Housed in a grand imperial building with a view out onto the Dnipro River, the Kherson Fine Arts Museum once hosted one of the richest collections in all of Ukraine.
As with the rest of Kherson, which had its electricity infrastructure destroyed by withdrawing Russian forces in early November, the halls of the museum are now cold and dark.
Far more tragically, the Kherson Fine Arts Museum has been emptied of all its works by Russian officials. Of the over 14,000 works in its collection, barely anything remains. Russia’s withdrawal from Kherson was a well-planned operation, a key component of which was the looting of anything deemed to be of financial or cultural value. The Russian campaign of theft was comprehensive and wide ranging, covering everything from hospital equipment and public monuments to an unfortunate raccoon living in Kherson Zoo.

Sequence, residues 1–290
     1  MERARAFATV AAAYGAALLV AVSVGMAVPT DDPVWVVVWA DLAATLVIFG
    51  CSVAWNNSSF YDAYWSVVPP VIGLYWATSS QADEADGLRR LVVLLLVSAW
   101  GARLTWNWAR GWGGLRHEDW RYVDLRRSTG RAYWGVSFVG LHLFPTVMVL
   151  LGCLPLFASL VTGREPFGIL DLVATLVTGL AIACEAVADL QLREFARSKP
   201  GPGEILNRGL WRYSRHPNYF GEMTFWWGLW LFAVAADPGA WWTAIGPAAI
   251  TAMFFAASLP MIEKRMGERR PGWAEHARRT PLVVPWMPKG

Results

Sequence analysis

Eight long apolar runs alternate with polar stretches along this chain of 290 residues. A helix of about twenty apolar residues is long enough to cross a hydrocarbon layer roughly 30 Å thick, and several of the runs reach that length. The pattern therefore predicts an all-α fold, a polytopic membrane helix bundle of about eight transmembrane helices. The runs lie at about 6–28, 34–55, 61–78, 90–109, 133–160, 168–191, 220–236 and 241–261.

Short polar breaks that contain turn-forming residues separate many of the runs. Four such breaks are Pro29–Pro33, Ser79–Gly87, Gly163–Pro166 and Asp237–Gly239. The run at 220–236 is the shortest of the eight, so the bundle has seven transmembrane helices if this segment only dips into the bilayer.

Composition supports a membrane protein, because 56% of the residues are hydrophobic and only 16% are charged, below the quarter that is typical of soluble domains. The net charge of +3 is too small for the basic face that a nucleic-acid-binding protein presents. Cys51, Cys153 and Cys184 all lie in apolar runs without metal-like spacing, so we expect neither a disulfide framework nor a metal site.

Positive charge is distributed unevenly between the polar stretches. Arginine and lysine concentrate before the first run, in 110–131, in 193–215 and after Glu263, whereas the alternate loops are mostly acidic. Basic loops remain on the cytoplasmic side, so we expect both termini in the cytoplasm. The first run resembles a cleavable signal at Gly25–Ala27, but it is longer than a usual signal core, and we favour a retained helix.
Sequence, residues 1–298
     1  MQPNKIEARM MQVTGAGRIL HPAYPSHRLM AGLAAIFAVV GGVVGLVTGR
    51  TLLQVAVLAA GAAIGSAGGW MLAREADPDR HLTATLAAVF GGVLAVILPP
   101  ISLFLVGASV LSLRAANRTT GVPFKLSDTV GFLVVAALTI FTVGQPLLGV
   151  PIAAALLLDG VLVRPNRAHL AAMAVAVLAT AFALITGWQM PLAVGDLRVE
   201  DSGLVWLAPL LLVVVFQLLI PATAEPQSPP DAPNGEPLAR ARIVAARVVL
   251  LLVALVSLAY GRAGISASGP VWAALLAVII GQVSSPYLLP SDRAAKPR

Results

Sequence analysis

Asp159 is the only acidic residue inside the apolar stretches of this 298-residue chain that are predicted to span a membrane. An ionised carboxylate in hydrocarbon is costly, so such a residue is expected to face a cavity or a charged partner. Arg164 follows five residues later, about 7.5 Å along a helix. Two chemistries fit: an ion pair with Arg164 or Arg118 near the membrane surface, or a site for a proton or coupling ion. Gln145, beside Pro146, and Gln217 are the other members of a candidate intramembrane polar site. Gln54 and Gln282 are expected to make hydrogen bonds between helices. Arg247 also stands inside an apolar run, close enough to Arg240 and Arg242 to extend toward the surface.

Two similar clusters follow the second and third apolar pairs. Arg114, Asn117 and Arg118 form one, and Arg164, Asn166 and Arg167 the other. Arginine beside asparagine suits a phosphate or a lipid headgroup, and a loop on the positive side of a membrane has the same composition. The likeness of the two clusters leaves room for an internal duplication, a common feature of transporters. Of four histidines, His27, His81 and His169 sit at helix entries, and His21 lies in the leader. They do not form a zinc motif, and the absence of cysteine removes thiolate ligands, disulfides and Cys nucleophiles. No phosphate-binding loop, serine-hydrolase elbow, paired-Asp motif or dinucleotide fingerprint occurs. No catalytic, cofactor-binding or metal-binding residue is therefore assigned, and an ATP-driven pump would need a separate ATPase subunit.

Stolen equipment and monuments can be replaced, but priceless artworks cannot. All that remains now of the once flourishing museum is the building itself, and inside it, the two last staff members who refused to collaborate with Russia.
Speaking to the Kyiv Independent on Nov. 16 in her personal office at the museum, director Alina Dotsenko, 72, steered clear of her old work desk, shuffling closer to the window where the last dim light of the day was making its way in.
“I still can’t bring myself to sit where they sat,” she said, referring to her Russian-installed replacement, a local singer called Natalia Desiatova, who oversaw the looting of the museum’s collection.